Photo caption: Mandel Ayele Merceron Montilus and James Sanders Freels were recognized for their achievements in the IDEAL program at the College of Education & Human Development’s 2019 Honor’s Day Ceremony.
ATLANTA—James Sanders Freels and Mandel Ayele Merceron Montilus graduated this spring with a Certificate of Career Readiness from Georgia State University’s Inclusive Digital Expression and Literacy (IDEAL) Program.
The IDEAL program, an inclusive post-secondary program for students with mild intellectual disabilities, provides a two-year course of study where students audit general undergraduate courses offered by Georgia State colleges and academic departments; participate in program-specific seminars on self-advocacy, dating and relationships, financial literacy, career development and independent living skills; complete work-study and internship experiences; and engage in a variety of extracurricular activities on campus. It’s one of more than 250 inclusive postsecondary programs for individuals with intellectual disabilities at universities and colleges across the country.
Freels and Montilus were recognized for their achievements in the IDEAL program at the College of Education & Human Development’s Honor’s Day Ceremony on April 17.
“It’s been amazing to watch Jimmy and Mandel take advantage of all the opportunities available at Georgia State,” said Andy Roach, CEHD associate professor and co-director of the IDEAL program. “Like so many students with intellectual disabilities, Mandel and Jimmy proved that, given appropriate supports and accommodations, college was a great next step in their education.”
Montilus, who began the IDEAL program in 2017, took classes in art, film and video game design. Most recently, he has enjoyed taking a French class, swimming at the Recreation Center and becoming a video game champion with his friends in the Student Center. Montilus participated in an internship at both GSTV as a sports broadcaster interviewing sports fans and at the Georgia State Library organizing books in special collections. After graduation, he is hoping to get a job at a video game store, keeping things organized and talking to customers about games he likes best.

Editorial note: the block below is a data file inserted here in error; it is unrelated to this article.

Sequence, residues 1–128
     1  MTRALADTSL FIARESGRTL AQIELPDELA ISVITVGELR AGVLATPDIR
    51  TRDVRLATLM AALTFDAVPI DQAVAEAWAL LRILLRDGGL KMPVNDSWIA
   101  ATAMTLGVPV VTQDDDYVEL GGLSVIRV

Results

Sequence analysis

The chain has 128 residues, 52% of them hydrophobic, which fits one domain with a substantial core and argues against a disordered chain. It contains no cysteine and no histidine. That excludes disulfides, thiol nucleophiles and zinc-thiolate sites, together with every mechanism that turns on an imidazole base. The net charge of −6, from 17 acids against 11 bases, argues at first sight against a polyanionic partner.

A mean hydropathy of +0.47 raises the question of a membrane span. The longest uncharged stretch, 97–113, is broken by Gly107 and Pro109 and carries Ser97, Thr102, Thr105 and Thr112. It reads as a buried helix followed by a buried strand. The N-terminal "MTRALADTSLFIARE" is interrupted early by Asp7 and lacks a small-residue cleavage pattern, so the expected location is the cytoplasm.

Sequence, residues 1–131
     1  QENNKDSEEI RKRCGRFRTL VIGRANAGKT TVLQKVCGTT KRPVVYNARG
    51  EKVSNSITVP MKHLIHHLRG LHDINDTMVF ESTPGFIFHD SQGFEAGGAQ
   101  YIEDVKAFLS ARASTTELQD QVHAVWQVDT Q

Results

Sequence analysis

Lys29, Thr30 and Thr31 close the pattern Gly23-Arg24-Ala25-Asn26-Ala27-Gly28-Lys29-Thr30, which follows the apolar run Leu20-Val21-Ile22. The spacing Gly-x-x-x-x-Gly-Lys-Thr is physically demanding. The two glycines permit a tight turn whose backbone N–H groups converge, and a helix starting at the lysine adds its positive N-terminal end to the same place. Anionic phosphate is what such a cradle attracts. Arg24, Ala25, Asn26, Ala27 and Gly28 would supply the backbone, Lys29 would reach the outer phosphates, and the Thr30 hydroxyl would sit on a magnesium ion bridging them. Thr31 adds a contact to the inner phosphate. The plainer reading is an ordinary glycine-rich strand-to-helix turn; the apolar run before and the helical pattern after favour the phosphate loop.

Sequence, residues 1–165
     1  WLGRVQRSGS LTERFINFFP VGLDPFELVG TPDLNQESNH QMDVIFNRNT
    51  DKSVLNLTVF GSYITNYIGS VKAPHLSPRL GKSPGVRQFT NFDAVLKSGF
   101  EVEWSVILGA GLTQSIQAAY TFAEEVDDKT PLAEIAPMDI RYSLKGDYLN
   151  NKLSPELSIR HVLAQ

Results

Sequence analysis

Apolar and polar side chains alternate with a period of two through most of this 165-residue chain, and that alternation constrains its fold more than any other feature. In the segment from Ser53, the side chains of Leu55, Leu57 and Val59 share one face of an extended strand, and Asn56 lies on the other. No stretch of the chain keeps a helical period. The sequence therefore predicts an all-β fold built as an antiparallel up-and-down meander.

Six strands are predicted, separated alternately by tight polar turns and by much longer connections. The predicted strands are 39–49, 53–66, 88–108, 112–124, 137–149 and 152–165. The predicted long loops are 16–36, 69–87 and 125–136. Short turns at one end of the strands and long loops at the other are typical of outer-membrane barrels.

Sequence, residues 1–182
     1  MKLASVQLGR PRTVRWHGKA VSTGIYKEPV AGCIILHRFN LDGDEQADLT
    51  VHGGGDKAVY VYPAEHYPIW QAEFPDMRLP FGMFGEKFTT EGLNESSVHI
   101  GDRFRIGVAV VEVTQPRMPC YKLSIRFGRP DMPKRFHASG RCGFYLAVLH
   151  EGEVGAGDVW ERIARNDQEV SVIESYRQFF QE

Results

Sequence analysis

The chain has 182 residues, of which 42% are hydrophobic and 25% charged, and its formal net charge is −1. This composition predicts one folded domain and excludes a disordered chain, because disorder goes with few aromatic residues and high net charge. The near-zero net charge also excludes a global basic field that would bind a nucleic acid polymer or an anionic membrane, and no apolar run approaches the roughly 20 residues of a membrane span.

“This program is genuinely ideal for young folks with special brains that express and experience the world differently. Our children, who often cling to their routine as a way to navigate the world, are gently nudged to grow out of their comfort zone while they challenge themselves,” said Nadege Cherubin, Montilus’s mother.
Freels, who also began the IDEAL program in 2017, took classes in creative writing, communication, theatre, copy editing and play analysis. Over the last year, he has been working in internship positions at The Signal and The Underground, two of Georgia State’s student newspapers, where he has been published multiple times as a staff columnist. Much of his work and writing surrounds topics of disability and inclusion, challenging the paradigm of stigma and lacking opportunities of educational access. After graduation, Freels would like to continue his education, contract write for different publications and manage his own theater.
“It’s been a wild ride,” Freels said. “I enjoyed my time in IDEAL – I’ll carry it with me forever.”
For more information about the IDEAL program, visit https://disability.publichealth.gsu.edu/ideal.